Because I have PMDD, the week before my period is always a struggle. Masturbating helps me get through the pain of premenstrual cramps while providing a fun distraction.
My vagina feels so much more sensitive before my period and my orgasms are intense. I can tolerate the most forceful thrusting during this time, and I never wanna stop. More, please!
What is menstruation?
Technically, our period signals day one of an ~28-day menstrual cycle. Hormone levels remain low, and the uterine lining sheds(1) all over unexpecting underwear.
On the upside, the blood makes great natural lubrication for those who enjoy period sex.
When we’re ovulating, estrogen is high and the cervix sits near the low abdomen. This combo makes more space for deep penetration, heightened arousal and intense pleasure.
But while we’re on our period, the cervix sits lower in the body to dispel uterine lining. Because of the cervix position and hormone deficit, we might not enjoy sex as much during this time(6).
Orgasms during period: brb, going to sleep for 3 days.
In the past, I’ve had great period sex. Recently, period sex hasn’t been so pleasant because I experience gender dysphoria.
I don’t wanna be touched. I don’t wanna be seen. And I sure as hell don’t want to worry about anyone else’s pleasure but my own.
For me, this session was rather mechanical, and it shows.
Screenshot of Leo's arousal and orgasm during menses.
Compared to my sessions during other parts of my menstrual cycle, my muscles were less forceful around the vibrator, and I just… wasn’t really motivated to keep going.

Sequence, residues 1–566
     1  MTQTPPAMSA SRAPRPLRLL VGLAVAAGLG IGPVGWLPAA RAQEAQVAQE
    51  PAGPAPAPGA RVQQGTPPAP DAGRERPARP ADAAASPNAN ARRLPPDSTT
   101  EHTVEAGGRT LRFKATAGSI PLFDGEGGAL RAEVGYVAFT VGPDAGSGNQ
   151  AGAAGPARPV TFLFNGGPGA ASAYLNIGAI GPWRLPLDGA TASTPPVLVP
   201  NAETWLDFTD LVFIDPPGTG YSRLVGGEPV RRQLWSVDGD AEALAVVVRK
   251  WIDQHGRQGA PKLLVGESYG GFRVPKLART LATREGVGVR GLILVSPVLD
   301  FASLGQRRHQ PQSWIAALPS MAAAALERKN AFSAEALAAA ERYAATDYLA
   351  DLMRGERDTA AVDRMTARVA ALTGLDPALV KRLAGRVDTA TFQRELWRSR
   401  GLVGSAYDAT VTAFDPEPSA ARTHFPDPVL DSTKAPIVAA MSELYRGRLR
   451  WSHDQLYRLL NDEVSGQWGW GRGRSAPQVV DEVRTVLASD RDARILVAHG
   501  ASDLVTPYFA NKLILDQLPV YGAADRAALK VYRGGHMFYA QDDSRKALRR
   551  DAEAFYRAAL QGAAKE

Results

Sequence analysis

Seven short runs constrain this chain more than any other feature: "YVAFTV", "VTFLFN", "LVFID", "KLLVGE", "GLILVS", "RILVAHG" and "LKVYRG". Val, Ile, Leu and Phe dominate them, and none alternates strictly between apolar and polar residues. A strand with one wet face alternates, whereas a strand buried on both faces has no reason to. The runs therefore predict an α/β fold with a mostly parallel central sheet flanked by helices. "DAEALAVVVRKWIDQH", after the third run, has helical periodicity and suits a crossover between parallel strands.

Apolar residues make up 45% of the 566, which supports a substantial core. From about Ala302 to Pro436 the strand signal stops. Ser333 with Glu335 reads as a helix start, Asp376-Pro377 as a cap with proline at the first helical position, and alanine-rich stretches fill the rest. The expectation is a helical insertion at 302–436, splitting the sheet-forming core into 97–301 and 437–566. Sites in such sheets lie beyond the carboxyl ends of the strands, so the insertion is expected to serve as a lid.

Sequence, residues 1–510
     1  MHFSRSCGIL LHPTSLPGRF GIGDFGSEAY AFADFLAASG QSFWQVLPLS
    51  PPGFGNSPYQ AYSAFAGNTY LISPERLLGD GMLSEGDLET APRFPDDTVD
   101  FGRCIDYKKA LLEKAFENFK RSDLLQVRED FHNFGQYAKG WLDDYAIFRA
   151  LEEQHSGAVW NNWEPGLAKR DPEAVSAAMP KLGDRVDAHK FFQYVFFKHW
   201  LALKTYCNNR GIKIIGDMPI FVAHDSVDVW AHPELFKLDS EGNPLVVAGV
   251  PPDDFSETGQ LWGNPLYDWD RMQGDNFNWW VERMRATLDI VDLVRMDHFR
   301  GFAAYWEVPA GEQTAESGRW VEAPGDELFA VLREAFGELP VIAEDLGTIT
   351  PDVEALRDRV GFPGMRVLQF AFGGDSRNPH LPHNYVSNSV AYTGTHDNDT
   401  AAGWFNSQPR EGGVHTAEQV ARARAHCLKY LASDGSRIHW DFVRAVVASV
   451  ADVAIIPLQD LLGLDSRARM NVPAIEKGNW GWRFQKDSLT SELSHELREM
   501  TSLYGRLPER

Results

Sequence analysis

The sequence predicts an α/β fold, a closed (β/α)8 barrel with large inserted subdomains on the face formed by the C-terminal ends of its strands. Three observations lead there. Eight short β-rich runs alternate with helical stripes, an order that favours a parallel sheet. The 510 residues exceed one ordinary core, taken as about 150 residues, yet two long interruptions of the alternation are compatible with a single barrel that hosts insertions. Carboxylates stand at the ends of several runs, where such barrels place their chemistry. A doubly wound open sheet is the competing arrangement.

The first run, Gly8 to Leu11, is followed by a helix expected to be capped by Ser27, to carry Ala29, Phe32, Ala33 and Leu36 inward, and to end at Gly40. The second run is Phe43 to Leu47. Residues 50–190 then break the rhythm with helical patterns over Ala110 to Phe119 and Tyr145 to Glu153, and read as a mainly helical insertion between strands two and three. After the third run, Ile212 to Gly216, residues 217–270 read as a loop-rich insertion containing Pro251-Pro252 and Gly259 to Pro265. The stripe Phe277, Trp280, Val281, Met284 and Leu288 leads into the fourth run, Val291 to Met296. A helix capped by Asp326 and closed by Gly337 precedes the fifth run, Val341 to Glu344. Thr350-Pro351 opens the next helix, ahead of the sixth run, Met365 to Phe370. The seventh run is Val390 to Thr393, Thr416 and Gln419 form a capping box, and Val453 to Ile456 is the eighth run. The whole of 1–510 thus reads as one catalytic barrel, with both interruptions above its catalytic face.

Menstrual cycles and orgasms: you can have good sex anytime. Period.
Thanks to my Lioness Vibrator and Clue apps, I can finally make sense of all these random urges that come over me while I’m shopping for a good sourdough loaf at the store, instead of feeling like a total creep.
Learning about your cycle can help you communicate how you want to receive pleasure.
For example, I know to ask for deeper penetration during ovulation or luteal phase. I also know how to ask for my space when I’m bleeding.
Armed with new knowledge about the relationship between my cycle and my arousal, I know what turns me on — any place, any time.
- “What happens during the typical 28-day menstrual cycle?” (2018). Office on Women’s Health, U.S. Department of Health & Human Services.
- “The relationship between progesterone and sex drive in women may help you regain desire.” (2020). BodyLogicMD.
- “Luteal Analgesia:” Progesterone Dissociates Pain Intensity and Unpleasantness by Influencing Emotion Regulation Networks. 2018. Katy Vincent, Charlotte J. Stagg, Catherine E. Warnaby, et. al. US National Library of Medicine. National Institutes of Health.
- “How the Menstrual Cycle Affects Acne.” 2020. Angela Palmer. Verywellhealth.
- “Why do some people get horny before their period?” 2019. Lauren Sharkey. Healthline.
- “Sex, sensation and the menstrual cycle.” 2017. Anna Druet. Clue.